Helping new and old employees find common ground
Ah, what to do with the younger generation coming into the workforce today?
Little to no respect for authority; not motivated by money; work to live rather than live to work; free agent careerists; disloyal ― the list goes on and on.
The worst mercenaries going, it seems.
Nonsense, says Jennifer Deal, author of Retiring the Generation Gap: How Employees Young and Old Can Find Common Ground. They just want a little respect.
However, how people want to be respected can be very different based on their age. Established employees often complain about younger hires not respecting their opinions even though some see respect as “doing what I say.”
Younger employees, on the other hand, feel respected when they are listened to ― when their ideas are valued, says Deal.
In fact, Gen Y workers can actually teach entrenched employees a few things about making it in the modern workforce, says Penelope Trunk, who heads up the Brazen Careerist, a professional social network for younger people.
The areas where Gen Y can run circles around you? There are several, she says. For instance ...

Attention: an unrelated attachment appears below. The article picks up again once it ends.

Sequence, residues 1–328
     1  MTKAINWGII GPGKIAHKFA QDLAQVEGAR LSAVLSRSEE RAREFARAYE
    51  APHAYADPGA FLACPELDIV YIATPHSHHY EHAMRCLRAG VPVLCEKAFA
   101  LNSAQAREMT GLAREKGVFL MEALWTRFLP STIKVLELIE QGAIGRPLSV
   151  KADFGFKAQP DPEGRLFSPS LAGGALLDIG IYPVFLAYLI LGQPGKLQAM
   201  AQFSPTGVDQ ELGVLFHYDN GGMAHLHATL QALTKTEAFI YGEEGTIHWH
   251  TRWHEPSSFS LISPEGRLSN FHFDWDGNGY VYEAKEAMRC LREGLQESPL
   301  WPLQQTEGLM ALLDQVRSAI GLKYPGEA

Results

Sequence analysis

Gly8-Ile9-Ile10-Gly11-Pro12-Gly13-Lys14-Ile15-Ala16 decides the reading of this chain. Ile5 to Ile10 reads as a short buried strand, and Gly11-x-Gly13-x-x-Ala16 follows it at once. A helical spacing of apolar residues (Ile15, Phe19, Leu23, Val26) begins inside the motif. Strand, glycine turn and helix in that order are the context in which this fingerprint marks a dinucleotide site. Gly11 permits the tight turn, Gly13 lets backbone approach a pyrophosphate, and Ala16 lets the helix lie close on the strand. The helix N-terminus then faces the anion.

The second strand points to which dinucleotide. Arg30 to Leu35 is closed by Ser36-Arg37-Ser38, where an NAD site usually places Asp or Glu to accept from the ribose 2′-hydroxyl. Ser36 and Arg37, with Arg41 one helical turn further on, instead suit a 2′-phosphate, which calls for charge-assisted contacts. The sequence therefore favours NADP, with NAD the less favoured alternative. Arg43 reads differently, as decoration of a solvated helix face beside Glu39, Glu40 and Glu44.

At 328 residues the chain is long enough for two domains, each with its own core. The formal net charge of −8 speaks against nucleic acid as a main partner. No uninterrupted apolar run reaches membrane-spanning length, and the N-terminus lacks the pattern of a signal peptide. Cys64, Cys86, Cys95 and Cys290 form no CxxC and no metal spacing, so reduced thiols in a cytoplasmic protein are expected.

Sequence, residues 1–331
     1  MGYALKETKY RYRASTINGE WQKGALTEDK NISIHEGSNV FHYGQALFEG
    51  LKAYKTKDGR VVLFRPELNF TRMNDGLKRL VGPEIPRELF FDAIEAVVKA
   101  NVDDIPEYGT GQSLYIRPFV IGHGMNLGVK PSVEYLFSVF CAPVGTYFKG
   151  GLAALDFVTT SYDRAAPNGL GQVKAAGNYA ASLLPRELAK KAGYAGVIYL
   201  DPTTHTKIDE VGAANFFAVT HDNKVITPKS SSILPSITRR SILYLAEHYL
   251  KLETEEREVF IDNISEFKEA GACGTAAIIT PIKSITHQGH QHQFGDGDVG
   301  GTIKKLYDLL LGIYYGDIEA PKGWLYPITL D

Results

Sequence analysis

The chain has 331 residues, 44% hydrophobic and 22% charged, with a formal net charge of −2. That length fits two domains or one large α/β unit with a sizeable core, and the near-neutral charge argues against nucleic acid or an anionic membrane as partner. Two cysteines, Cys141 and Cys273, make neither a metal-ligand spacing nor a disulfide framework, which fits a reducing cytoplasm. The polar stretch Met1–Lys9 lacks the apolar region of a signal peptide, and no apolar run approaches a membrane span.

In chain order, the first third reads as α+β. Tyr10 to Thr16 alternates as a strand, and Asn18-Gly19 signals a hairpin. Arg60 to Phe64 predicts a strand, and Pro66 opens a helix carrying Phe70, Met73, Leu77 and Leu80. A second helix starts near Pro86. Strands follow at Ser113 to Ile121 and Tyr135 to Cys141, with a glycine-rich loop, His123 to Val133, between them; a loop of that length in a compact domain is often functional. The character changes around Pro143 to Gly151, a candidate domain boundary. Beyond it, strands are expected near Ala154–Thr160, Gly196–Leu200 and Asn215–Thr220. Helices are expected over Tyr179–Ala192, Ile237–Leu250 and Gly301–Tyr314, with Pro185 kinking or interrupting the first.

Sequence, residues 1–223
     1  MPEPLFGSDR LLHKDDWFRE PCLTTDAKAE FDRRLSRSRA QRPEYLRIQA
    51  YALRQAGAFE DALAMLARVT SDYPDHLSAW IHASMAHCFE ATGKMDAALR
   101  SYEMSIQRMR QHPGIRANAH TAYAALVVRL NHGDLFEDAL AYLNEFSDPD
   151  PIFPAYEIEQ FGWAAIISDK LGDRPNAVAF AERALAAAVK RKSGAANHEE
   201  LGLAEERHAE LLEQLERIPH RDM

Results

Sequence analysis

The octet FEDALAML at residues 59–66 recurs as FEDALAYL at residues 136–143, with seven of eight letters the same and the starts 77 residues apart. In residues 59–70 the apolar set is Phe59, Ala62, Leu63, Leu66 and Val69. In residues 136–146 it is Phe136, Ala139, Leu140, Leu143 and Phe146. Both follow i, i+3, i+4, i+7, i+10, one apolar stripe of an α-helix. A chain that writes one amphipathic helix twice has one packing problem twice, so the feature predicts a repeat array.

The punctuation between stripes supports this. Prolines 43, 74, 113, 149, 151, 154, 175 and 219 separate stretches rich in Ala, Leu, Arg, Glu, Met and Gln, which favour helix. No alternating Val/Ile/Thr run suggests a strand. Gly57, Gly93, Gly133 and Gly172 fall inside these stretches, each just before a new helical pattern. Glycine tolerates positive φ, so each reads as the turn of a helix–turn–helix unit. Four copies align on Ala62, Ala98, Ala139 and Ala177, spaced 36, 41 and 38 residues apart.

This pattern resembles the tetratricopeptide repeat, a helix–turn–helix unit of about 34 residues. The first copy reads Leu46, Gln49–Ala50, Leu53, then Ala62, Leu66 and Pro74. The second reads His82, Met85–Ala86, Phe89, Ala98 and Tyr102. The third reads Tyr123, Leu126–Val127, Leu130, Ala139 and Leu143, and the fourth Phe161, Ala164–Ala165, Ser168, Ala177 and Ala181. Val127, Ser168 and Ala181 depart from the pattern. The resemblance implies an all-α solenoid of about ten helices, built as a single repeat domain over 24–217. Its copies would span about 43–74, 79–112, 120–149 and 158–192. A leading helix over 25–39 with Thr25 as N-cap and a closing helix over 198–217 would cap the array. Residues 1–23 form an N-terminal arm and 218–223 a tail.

Productivity. Young people can find information faster and sort information faster than older people. They collaborate on wiki-type tools with ease. They crowdsource. They benefit from the plasticity of the brain, which has adapted, over their Internet-based lives to process information faster.
Communication. It’s often said that Gen Y-ers can’t write and talk face-to-face, but it actually turns out that young people are better communicators than everyone else. A large study at Stanford, for instance, shows that the process of writing online, for a large audience, throughout childhood, is a terrific way to learn to write effectively.
And while most generations wrote only for school assignments, your most recent colleagues have been writing constantly ever since they could type, building communication skills that are sharper and more effective than preceding generations., she maintains.
How is the generational mix where you work? A harmonious workplace or a daily repeat of 'World's Worst Sunday Dinners'?
By Gordon Powers, MSN Money